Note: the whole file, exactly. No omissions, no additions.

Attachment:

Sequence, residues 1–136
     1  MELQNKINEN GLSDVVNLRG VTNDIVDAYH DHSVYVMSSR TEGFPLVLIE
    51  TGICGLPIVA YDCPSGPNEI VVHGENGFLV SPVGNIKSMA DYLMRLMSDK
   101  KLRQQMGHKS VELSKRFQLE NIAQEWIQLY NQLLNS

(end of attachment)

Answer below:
Sequence, residues 1–136
     1  MELQNKINEN GLSDVVNLRG VTNDIVDAYH DHSVYVMSSR TEGFPLVLIE
    51  TGICGLPIVA YDCPSGPNEI VVHGENGFLV SPVGNIKSMA DYLMRLMSDK
   101  KLRQQMGHKS VELSKRFQLE NIAQEWIQLY NQLLNS